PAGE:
What are the motives of World Bank local country offices? Why is World Bank adamant when it comes to partnering and engaging with the private sector especially in issues of furthering the enterprise governance discussion?
The Association of Certified Fraud Examiners, Uganda Chapter is organizing the 2nd annual anti-fraud and good governance conference with a theme: Winning Partnerships against the Fraud Risk in the Public Sector.
Aware that nothing eats shareholder value like fraud, on 8th September 2016, we sent a partnership and attendance invitation letter. It is unfortunate that World Bank Uganda office turned down the invitation!
How does World Bank promise “Working for a World Free of Poverty” without engagement with stakeholders especially those in the accountability and governance? World over, the private sector and professional associations are more robust and efficient when it comes to impact and execution compared to public sector. It goes without saying that to make real impact, partnership with both the private and public sectors are critical.
Here is the feedback from World Bank office on our request to partner:
Reference is made to your letter seeking sponsorship for the 2nd Annual ACFE Uganda Chapter Anti-Fraud and Good Governance Conference scheduled for October 27 – 28, 2016.
Unfortunately, we do not have instruments to support such a request.
Disappointed, I replied as follows:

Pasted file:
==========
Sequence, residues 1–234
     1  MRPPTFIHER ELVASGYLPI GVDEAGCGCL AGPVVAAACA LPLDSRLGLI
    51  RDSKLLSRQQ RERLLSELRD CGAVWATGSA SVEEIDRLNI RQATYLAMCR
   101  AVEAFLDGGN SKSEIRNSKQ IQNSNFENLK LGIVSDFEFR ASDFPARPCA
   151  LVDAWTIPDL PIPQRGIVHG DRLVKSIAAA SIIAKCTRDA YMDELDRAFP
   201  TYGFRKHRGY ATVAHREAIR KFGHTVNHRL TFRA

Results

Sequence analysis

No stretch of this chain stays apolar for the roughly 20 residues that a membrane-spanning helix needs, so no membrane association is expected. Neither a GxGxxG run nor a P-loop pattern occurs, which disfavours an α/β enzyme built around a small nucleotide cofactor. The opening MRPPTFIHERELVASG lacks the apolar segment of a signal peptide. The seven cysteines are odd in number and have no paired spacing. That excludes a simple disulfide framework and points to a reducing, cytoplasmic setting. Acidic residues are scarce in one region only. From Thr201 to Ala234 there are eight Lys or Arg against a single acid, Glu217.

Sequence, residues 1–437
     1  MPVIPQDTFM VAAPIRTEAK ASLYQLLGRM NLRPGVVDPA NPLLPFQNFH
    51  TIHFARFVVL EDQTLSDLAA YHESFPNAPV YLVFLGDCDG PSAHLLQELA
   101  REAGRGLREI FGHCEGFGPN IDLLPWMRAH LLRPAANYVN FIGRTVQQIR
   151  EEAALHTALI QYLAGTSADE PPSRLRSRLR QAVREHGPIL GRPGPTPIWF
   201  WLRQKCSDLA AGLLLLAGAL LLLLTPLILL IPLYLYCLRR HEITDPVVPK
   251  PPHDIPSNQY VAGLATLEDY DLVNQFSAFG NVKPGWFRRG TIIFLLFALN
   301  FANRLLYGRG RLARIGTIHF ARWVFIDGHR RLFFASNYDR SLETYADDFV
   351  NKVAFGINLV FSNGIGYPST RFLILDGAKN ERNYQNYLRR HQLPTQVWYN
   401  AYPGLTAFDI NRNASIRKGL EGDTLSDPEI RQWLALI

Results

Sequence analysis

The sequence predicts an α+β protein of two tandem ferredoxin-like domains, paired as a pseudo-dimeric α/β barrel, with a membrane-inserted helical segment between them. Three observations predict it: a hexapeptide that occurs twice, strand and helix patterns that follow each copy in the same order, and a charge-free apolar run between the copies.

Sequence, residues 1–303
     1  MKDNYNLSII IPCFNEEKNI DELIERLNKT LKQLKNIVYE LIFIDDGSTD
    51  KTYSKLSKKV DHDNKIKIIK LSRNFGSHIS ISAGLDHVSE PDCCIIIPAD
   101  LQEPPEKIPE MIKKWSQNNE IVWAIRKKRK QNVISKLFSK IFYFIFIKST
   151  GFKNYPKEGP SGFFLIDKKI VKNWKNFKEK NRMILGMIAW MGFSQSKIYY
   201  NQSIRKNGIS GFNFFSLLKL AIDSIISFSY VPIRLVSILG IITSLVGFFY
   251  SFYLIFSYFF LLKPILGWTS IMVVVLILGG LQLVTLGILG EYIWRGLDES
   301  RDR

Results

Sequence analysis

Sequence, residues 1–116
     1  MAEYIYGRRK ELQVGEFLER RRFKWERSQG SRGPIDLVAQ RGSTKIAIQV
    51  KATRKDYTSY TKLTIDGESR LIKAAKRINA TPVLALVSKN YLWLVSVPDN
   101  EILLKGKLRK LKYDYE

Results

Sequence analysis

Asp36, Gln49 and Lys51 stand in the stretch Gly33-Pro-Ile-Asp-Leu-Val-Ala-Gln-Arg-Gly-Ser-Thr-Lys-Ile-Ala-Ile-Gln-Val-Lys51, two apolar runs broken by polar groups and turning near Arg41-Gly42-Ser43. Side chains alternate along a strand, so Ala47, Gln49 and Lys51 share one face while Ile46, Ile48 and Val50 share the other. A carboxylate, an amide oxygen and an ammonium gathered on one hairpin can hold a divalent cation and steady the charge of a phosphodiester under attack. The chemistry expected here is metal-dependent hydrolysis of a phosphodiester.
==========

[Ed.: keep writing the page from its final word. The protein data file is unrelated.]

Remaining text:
Thanks for your feedback. This is to recommend to you to develop the instruments to support these kinds of requests. How does World Bank add on-going value to the corporate governance discussion in this country? How do you engage with private sector players? An average organization, I am sure including World Bank Uganda office, loses over 5% of annual budget to fraud. Why can’t World Bank partner with local professionals to share experiences and engage in the corporate Agenda discussion?
Change is a fact of life. The bank should engage with local professionals NOT just public so that her impact is more effective across the board.
The private sector is a good business partner. World Bank should develop instruments that are responsive to individual country needs, other than implementing uniform instruments globally. What may work in say Russia, may have no place in Uganda. What is true, World Bank, like any organization aiming to cause change and reduce world poverty need to work with champions that are prepared to enable effective accountability. Once that is done, services can be delivered.